Federal Highway Administration State Planning and Research Funding
Iowa Department of Transportation
Iowa Highway Research Board
Brent Pharesbphares@iastate.edu email >
Bridge Research Engineer, BEC
About the research
Buchanan County, Iowa, has been working with the National Center for Wood Transportation Structures and a timber fabricator to develop the next-generation timber bridge. The goal is to increase the structural efficiency of timber bridges and increase longevity by (1) creating a composite deck-girder system and (2) using an epoxy overlay. These design elements have the potential to increase viable bridge options for use not only on Iowa’s roadways, but nationally and internationally as well.
The bridge system developed for this research was a composite glue-laminated (glulam) girder-deck system utilizing epoxy for the connection and an epoxy overlay wearing surface on the deck. This design was investigated through small- and large-scale laboratory testing of the composite epoxy connection and a field demonstration bridge built utilizing this girder to deck connection detail and epoxy overlay.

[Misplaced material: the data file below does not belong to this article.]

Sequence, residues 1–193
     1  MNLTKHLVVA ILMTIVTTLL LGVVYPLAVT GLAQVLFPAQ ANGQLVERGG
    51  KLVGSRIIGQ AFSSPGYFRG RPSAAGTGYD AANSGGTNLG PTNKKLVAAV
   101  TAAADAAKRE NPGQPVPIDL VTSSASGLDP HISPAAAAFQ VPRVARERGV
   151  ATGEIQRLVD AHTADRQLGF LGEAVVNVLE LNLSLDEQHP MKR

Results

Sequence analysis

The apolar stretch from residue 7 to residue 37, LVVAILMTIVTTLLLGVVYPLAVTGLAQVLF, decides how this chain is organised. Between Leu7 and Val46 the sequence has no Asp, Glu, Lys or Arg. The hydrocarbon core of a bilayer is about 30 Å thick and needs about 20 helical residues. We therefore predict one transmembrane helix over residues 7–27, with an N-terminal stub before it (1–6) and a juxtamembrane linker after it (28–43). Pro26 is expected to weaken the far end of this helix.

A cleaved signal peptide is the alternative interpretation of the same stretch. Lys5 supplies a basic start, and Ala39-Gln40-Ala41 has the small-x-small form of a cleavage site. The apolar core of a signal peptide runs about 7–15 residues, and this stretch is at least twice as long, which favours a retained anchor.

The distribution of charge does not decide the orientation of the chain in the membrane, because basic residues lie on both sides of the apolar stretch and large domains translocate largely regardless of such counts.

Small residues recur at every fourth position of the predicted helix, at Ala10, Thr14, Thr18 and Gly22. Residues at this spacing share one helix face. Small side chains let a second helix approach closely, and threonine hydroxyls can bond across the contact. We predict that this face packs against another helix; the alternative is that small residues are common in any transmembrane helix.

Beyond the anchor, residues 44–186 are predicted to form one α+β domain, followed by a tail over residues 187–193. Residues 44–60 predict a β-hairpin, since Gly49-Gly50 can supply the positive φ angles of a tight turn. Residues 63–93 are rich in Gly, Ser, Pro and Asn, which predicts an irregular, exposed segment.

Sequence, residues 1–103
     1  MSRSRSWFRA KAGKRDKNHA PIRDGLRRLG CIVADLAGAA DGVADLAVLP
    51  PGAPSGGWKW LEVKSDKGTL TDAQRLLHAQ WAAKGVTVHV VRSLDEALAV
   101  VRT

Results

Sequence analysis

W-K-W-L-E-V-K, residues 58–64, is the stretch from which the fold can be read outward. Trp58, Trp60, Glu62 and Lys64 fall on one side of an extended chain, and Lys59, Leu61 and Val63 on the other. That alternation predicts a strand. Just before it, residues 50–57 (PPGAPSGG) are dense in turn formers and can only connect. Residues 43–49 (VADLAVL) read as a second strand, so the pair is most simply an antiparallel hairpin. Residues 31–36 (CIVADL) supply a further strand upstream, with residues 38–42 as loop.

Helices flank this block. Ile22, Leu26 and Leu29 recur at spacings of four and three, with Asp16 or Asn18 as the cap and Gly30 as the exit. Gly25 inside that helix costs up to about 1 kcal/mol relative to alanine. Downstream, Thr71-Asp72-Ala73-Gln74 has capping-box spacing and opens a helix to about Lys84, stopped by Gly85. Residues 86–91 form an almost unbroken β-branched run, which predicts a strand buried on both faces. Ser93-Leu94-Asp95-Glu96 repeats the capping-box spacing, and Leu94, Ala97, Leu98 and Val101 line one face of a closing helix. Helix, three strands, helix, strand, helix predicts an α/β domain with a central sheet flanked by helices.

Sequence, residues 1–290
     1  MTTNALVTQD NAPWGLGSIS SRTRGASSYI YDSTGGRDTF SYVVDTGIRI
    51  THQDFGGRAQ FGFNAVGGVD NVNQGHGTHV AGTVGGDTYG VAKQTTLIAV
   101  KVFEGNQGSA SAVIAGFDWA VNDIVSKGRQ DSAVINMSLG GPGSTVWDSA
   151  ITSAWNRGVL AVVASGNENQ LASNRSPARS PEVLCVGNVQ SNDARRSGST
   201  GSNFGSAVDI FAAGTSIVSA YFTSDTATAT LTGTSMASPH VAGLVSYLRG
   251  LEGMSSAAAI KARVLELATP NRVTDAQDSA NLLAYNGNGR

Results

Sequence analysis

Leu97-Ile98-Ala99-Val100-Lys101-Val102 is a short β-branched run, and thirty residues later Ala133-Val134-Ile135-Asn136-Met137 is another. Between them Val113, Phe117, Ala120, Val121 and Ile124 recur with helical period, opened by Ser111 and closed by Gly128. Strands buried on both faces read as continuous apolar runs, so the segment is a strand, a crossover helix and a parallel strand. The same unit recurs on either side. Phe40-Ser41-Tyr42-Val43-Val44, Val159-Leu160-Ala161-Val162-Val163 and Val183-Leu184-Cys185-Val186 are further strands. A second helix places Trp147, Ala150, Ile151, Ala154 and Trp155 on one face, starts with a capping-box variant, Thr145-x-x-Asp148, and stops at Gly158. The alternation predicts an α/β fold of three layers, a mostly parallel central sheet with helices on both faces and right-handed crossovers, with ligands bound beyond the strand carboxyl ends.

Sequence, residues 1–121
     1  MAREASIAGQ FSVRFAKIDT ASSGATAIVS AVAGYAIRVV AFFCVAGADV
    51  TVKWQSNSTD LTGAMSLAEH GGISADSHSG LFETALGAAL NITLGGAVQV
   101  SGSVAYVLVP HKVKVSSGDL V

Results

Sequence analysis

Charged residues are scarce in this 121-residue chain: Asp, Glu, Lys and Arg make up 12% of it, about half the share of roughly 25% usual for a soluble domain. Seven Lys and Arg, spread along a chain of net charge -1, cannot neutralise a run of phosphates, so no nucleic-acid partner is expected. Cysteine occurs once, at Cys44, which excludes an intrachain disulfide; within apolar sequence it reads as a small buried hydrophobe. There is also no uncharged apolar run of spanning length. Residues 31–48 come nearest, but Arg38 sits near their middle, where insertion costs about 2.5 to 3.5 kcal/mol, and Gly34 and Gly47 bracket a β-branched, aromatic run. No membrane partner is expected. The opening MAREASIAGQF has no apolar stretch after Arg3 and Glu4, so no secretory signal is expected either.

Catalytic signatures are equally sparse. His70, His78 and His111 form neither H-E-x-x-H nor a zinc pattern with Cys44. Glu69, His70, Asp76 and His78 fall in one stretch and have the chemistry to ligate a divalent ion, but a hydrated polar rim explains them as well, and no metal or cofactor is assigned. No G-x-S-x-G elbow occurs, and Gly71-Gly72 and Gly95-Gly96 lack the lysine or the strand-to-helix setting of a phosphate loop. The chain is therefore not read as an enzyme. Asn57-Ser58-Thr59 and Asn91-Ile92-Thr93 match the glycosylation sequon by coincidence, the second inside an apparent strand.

The small-scale tests showed that the best overall joint connection is an epoxy and lag bolt connection. The joints with epoxy at least tripled the shear capacity of the lag bolt joint, and addition of mechanical fasteners to the epoxy connection marginally increased performance. The large-scale laboratory tests showed a small increase in the load capacity and movement of the neutral axis when the deck panels are affixed to the girders, both of which indicate potential composite action. Furthermore, the epoxied connection exhibited an improved composite connection over the lag bolt connection.
Three live load tests on the field demonstration bridge in 2015, 2016, and 2017 indicated that transverse load distribution for all load cases was adequate. The composite action observed was not likely substantial enough to be accounted for in design. The chip seal shows signs of cracking at the transverse deck panel joints, but because of the epoxy the joints remain sealed and show no signs of moisture intrusion on the underside of the deck. The epoxy wearing surface on the deck performed better as an impermeable joint filler than a wearing surface.